Hearty Eggplant Casserole

Submitted by snowgray

I usually make this for my family's Thanksgiving dinner. It is very rich, and a lovely substitute for turkey if you are a vegetarian. Otherwise, it makes a nice side dish!


  • 2 large eggplants, peeled and sliced 1/2 an inch thick
  • 4 to 6 zucchini, peeled and sliced 1/2 an inch thick
  • 2/3 cup olive oil (more or less)
  • 3 to 4 large potatoes, peeled and sliced 1/4 an inch thick (or thinner)
  • 2 onions, cut into small cubes
  • 3 cloves garlic, crushed
  • 2/3 cup white wine
  • 2 14 ounce cans chopped tomatoes, drained
  • 2 tablespoons tomato paste
  • 1 14 ounce can corn, drained
  • 1/4 to 1/2 cup pine nuts (to taste; I like more)
  • 2 tablespoons dried oregano
  • 4 tablespoons chopped fresh parsley (optional)
  • 1 8 ounce package of feta cheese, crumbled (more or less to taste)
  • salt and pepper
  • For the béchamel sauce:
  • 2 tablespoons butter
  • 2 tablespoons flour
  • 1 1/4 cups milk
  • 1 egg, beaten
  • 2 tablespoons Parmesan cheese, grated
  • nutmeg, grated


  1. Salt the eggplants and zucchini. Layer them on a cutting board/in a colander, between layers of paper towels, and place a heavy book/cutting board/brick/bag of flour/whatever on top to press the liquid out.
  2. Rinse the eggplants and zucchini, then pat dry.
  3. Heat the oil in a skillet, then lightly brown the eggplant (Start with only a smidgen of oil, because the eggplant will suck it all up! Add more oil before flipping the eggplant over, if it has already absorbed up all of the oil in the pan). Set it aside on more paper towels.
  4. Lightly brown the zucchini, and similarly set it aside on paper towels.
  5. Lightly brown the potatoes, and also set aside on paper towels. Probably you should budget a good half-roll of paper towels to this recipe.
  6. Add more oil if needed. Add the onions, garlic and a pinch of salt, and cook until lightly brown.
  7. Add the white wine, and cook until reduced (this may take longer than you expect, but bear with it: the wine-soaked onions are very delicious in the final dish).
  8. Add the tomato paste and stir vigorously to aid in dissolution.
  9. Add the tomatoes, pine nuts and corn.
  10. Stir in the herbs and any additional salt and pepper.
  11. Cover and simmer 10 to 15 minutes. If the mixture seems thick at the ten-minute mark, add a bit of the liquid from the tomatoes or corn, or a bit of water, or some more wine.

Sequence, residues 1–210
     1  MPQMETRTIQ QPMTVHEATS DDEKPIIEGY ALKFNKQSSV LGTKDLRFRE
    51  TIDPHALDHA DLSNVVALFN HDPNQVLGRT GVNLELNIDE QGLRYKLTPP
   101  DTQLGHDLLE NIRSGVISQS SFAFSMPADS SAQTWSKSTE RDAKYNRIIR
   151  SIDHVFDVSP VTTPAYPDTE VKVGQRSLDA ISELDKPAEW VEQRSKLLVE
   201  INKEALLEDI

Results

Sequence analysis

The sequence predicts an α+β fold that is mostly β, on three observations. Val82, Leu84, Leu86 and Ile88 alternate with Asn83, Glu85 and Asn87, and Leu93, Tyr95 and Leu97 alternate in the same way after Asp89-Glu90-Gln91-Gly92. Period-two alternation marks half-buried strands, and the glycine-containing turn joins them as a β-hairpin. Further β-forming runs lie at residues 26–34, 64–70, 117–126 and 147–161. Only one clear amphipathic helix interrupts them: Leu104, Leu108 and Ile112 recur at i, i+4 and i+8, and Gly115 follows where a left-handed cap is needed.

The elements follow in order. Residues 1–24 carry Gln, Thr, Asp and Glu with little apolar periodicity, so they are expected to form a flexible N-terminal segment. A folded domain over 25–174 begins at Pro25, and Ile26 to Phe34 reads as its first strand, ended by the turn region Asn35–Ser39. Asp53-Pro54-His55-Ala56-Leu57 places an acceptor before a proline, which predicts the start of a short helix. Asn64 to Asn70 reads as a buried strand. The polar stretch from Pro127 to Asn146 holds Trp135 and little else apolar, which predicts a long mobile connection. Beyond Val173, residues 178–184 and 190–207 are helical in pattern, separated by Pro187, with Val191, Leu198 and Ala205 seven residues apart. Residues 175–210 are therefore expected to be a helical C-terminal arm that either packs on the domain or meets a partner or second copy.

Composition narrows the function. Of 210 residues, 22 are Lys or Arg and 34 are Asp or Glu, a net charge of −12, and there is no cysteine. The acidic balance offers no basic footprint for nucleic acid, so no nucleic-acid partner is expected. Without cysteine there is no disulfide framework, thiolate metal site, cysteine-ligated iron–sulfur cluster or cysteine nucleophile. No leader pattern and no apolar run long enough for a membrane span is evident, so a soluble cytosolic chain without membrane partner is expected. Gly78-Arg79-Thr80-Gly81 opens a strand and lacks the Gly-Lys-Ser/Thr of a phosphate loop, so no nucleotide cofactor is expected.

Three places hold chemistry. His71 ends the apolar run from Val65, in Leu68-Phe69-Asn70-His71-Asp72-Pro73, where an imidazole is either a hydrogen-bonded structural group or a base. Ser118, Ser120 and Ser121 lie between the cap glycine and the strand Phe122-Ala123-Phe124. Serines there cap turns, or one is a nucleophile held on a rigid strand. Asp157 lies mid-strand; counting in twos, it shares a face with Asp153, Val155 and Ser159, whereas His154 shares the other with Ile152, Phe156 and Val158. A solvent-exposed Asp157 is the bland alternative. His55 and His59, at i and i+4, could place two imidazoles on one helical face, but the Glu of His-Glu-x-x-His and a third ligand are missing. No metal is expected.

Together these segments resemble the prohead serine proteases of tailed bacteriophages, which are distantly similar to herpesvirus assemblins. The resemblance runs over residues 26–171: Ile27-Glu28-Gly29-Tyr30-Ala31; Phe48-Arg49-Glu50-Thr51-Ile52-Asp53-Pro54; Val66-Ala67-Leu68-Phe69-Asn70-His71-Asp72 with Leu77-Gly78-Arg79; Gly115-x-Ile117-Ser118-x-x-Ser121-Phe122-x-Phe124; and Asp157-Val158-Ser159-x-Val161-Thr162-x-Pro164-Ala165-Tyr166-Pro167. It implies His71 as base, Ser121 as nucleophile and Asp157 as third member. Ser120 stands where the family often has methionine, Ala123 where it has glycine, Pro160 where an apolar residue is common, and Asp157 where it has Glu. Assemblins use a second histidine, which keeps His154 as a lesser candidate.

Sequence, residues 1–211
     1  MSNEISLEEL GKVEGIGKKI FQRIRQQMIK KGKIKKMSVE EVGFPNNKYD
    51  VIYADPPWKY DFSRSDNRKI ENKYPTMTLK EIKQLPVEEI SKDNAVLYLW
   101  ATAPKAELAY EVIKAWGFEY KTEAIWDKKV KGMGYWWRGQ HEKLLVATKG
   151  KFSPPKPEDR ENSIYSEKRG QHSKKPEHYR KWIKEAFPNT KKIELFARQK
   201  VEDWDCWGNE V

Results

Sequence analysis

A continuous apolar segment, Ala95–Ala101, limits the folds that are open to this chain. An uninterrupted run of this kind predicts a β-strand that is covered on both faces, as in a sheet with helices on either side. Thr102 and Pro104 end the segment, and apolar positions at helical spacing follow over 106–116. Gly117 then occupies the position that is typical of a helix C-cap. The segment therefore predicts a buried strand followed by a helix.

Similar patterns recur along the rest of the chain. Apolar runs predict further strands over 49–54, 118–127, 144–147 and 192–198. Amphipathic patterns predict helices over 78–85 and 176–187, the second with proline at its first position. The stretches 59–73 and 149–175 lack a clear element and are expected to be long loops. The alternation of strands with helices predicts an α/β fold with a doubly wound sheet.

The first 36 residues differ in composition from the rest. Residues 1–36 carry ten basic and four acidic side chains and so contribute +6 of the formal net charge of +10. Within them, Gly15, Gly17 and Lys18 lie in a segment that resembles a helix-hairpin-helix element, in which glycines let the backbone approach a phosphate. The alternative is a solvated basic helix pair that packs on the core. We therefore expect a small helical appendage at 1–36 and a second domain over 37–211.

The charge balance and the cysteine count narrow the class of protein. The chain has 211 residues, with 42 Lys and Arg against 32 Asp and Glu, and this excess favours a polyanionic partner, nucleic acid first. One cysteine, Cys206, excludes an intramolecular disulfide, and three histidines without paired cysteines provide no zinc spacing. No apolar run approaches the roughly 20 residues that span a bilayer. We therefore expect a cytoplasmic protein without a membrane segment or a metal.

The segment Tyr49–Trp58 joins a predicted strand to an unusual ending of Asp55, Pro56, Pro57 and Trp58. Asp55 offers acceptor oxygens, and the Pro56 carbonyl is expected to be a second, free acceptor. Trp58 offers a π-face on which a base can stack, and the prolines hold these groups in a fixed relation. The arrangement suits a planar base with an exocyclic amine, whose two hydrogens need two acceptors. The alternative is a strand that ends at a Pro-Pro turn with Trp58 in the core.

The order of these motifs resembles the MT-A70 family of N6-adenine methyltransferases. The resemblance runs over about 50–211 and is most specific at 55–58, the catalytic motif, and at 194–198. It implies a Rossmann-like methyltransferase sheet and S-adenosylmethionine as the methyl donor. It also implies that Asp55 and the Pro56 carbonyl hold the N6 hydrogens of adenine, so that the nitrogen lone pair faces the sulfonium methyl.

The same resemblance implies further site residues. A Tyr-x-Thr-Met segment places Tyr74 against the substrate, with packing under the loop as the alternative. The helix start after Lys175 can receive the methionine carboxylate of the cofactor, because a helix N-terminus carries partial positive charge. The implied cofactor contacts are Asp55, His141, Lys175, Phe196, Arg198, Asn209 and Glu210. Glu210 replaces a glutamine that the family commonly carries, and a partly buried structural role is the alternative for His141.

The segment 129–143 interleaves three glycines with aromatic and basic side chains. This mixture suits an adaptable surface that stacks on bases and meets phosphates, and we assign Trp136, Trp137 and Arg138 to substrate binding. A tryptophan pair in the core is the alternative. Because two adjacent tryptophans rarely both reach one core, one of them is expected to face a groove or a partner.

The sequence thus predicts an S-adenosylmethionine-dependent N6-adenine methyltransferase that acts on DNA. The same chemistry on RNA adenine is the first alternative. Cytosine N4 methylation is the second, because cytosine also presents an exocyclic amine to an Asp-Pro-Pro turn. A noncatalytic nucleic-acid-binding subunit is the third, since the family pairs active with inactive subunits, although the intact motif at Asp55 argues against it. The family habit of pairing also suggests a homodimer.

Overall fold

12. In an ovenproof dish (9x9 or 13x9, glass/ceramic rather than metal), layer the potatoes to cover the bottom of the dish. Next, add a thin layer of the tomato sauce mixture from the skillet. Then, a thin layer of the feta. Then, all of the zucchini. Then, another thin layer of tomato sauce. Then, another thin layer of the feta. Then, half of the eggplant, the last of the tomato sauce, and the last of the feta. Finally, the rest of the eggplant on top. (You may have more tomato sauce than you need; hang on to it and eat it over pasta/crusty toast... probably you will do this during the baking step...)
  13. Cover with foil and bake at 375˚ for 25 minutes.
  14. Meanwhile, to make the béchamel sauce, put the butter, flour and milk into a pan and stir. Bring slowly to a boil, stirring/whisking frequently. Season with nutmeg, salt and pepper to taste (I don't like pepper so I don't add it here). Remove from the heat and stir in the Parmesan cheese and the egg. If you are using a 13x9 or larger pan you may wish to double the béchamel recipe, but probably not.
  15. Remove the casserole from the oven. Pour the béchamel sauce over it (you may need to pour some, give it a minute to settle in, and pour some more; if you are using a 9x9 pan you may have more sauce than you need). Use a spatula to smooth the béchamel sauce into the corners of the dish if necessary.
  16. Return to the oven uncovered for 25 to 30 minutes.

Cook's Notes

Because the eggplant, zucchini and potatoes all need to be browned separately, this recipe takes a bit of time to prepare. Do not be embarrassed to employ two skillets simultaneously! If you want to prepare it ahead of time, do the first full bake, then add the béchamel sauce. Bake for another ten minutes, then remove from the heat, allow to cool, cover and put in the fridge. Bake for another 15 to 20 minutes before serving (a day or two later), uncovered. Actually, in the Thanksgiving rush, this casserole has occasionally been left in the oven on a low rack for a half hour or more, with no major harm done.

I suspect that a more healthy version of this dish might be prepared by grilling the eggplant, zucchini and potatoes on a George Foreman grill, or by using nonstick cooking spray instead of oil. However, I've never done that. If you try it, let me know how it goes!


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